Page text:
Recency Bias During Uncertain Times

Dan Lear |

We hear it said all the time, seemingly everywhere, that we are living through unprecedented times. I can’t help but agree.

Six months ago, when March Madness was cancelled, I almost couldn’t believe it. How could something so big, so financially important, so culturally important (in my personal opinion), be cancelled? But we all know what came next, the cancelling of every major event, and most minor events, across the country. By May, when it was announced that the 2020 Minnesota State Fair was cancelled, I wasn’t a bit shocked. In just a few short months, my brain had been rewired to accept that crowds of that magnitude were an impossibility. 

Reflecting on these unprecedented times, and how quickly they have changed not only our daily lives, but our minds, I felt like it was a good time to remind everyone about something called “recency bias.” Recency bias is the belief that something is more likely to happen because it occurred in the recent past. This bias is present in sports, gambling, weather, and everyday life. It is also very prevalent in the world of investing.

The volatility that the stock market has seen this year really has been unprecedented. In 2020, we’ve seen three of the top 20 largest daily drops by percentage in the S&P 500. We’ve also seen two of the top 20 largest daily gains by percentage. This all happened in a two-week period in March.

Not surprisingly, this two-week period was a busy one for me and my teammates at Affiance Financial. This was the first significant market correction of my career and I was able to experience first-hand several of the things I have learned about during my training. I found out just how difficult it was to get people to invest in the market during this time. Much of this can be explained through the lens of recency bias.

The market drop was so quick, so painful, and so fresh in people’s minds, that they no longer believed that the market was the best place to outpace inflation. This is when it’s important to remember that recent performance does not guarantee future results. After one of the worst months in the market’s history, we saw the best month in the S&P 500 since 1987.

The graphic above shows recency bias in action. During a bull market, investors tend to forget about bear markets. They believe that the market will continue going up, since that’s what it has been doing recently. Emotions tell investors to buy when the market is up. The problem is that this is when stocks are most expensive.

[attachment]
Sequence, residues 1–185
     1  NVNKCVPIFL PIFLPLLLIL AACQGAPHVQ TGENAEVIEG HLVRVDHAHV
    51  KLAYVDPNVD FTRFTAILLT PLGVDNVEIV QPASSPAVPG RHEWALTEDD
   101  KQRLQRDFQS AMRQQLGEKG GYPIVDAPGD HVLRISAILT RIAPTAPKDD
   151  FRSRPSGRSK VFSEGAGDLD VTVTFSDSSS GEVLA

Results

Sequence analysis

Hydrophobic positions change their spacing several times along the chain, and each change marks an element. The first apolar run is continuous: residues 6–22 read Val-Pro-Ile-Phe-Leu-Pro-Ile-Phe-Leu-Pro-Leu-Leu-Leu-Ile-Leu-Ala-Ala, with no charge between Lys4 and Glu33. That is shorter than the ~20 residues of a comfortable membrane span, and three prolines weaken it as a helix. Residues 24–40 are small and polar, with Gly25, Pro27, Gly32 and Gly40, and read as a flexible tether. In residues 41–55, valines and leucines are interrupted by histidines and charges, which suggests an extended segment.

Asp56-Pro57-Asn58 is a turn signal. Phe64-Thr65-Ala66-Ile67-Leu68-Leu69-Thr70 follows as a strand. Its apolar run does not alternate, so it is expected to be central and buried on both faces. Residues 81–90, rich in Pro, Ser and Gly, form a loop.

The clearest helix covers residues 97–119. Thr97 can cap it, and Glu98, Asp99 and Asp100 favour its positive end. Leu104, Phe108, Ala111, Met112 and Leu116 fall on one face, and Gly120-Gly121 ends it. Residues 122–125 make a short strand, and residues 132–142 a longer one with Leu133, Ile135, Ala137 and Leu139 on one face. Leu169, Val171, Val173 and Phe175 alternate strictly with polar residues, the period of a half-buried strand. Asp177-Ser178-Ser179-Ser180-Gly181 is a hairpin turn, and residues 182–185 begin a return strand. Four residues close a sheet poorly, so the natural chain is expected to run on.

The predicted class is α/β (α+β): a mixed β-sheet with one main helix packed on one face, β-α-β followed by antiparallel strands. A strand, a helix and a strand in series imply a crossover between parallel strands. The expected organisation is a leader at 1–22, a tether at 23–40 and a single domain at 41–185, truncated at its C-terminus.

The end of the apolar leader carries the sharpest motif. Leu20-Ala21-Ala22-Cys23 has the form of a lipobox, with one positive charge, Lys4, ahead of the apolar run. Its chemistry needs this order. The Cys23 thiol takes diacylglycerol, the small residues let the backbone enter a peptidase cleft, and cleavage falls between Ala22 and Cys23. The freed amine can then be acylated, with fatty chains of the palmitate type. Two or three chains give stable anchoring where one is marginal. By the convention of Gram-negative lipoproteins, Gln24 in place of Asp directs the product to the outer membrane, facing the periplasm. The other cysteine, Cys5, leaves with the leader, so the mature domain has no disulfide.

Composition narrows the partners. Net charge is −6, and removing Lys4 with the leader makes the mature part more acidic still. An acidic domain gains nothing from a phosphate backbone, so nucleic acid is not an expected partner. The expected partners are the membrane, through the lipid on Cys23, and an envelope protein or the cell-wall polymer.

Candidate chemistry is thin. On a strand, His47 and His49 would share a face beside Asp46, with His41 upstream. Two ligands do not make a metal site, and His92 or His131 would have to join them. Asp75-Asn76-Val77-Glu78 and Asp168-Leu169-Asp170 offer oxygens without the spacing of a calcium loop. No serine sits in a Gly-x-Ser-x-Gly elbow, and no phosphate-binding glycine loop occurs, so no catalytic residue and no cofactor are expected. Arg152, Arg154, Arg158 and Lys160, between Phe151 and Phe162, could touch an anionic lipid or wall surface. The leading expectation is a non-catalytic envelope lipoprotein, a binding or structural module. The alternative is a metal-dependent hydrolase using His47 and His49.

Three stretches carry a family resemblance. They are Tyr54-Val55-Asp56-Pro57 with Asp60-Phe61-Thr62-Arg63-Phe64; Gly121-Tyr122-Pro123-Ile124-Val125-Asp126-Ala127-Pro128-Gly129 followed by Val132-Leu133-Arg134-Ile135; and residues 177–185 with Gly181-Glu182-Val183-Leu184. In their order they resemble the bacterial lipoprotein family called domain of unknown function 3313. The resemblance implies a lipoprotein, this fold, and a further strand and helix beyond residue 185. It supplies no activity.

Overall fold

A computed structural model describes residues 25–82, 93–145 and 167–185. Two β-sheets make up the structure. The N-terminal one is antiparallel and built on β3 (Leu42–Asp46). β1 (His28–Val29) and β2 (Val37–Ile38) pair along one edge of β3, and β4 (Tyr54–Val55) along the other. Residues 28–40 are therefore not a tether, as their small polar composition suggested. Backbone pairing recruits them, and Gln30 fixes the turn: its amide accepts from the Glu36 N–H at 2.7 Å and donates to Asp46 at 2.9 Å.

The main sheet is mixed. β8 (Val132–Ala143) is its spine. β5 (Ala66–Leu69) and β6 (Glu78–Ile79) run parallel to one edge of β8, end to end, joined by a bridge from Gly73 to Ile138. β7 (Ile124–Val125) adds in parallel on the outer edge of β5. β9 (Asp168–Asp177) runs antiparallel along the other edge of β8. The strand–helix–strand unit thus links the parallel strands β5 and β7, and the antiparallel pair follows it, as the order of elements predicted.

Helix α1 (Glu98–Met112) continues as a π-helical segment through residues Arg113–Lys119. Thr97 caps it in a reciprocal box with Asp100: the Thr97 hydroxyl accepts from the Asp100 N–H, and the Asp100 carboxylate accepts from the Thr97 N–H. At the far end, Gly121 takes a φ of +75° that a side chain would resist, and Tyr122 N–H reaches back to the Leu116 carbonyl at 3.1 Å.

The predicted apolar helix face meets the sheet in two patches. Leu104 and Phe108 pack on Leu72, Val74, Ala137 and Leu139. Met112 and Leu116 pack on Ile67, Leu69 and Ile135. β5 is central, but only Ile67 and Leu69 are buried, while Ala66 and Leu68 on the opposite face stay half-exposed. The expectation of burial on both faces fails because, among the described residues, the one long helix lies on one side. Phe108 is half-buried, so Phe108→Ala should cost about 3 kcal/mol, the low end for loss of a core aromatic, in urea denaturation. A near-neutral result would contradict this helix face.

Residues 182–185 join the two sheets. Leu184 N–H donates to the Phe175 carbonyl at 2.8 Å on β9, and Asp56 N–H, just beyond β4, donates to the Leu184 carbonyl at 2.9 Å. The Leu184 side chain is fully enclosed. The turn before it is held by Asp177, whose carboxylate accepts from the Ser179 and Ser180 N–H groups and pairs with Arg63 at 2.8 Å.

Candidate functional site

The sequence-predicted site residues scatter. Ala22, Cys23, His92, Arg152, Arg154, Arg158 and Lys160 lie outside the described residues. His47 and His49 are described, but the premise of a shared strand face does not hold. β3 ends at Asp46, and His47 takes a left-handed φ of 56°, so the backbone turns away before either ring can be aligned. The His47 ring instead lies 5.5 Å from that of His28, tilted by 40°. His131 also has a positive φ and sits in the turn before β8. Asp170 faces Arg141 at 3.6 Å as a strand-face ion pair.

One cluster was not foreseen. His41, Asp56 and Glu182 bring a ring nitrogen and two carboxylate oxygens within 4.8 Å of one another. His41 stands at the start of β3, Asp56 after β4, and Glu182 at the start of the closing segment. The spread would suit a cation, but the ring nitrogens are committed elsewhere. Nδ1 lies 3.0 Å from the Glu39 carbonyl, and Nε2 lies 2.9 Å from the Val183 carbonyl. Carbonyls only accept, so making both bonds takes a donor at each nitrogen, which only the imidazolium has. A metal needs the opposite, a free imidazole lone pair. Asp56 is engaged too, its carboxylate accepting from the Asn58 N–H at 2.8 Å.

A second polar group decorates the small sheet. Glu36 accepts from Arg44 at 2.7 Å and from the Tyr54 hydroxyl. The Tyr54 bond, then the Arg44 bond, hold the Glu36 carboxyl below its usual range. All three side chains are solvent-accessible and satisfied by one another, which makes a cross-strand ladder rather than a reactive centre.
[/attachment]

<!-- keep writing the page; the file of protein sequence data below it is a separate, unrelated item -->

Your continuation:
The same is true for bear markets. In March, we saw a 33.92% drop in the S&P 500. During a drop like this, emotions tell investors not to buy, but this is what we try to avoid. We see this as an opportunity. Everybody likes a sale – except in the stock market. Recency bias overrides the market’s collective sense of rationality, because of how our brains are wired.

So, how did we help our clients deal with recency bias and get through one of the strangest periods of market activity in decades: By encouraging them to maintain a long-term investment plan. Our advice stayed consistent, “This is scary, but this happens, and the worst thing we can do is abandon our disciplined investment strategy.” We also went a step further and rebalanced portfolios, helping our clients buy stocks when they were down.

Please know that it is our fiduciary obligation to always act in your best interests. This includes looking for opportunities that we believe will benefit you in the long run, even when those opportunities seem scary. As the markets now reach new all-time highs, we are meeting regularly to evaluate the situation, and consider best next steps, which are often no steps at all. Do we know if we’ve seen the last of the Coronavirus recession? We simply cannot say, but we are here to answer your questions and help you through whatever is next.

Continue to stay connected to the people and hobbies that are important to you. And despite recency bias telling us otherwise, “This too will pass.”


There can be no assurance that the content made reference to directly or indirectly in this blog post will be suitable for your individual situation, or prove successful. Due to various factors, including changing conditions and/or applicable laws, the content is only reflective of current opinions or positions and is subject to change at any time and without notice. Moreover, you should not assume that any information contained in this blog post serves as the receipt of, or as a substitute for, personalized investment advice from Affiance Financial. Please remember to contact Affiance Financial if there are any changes in your personal/financial situation or investment objectives.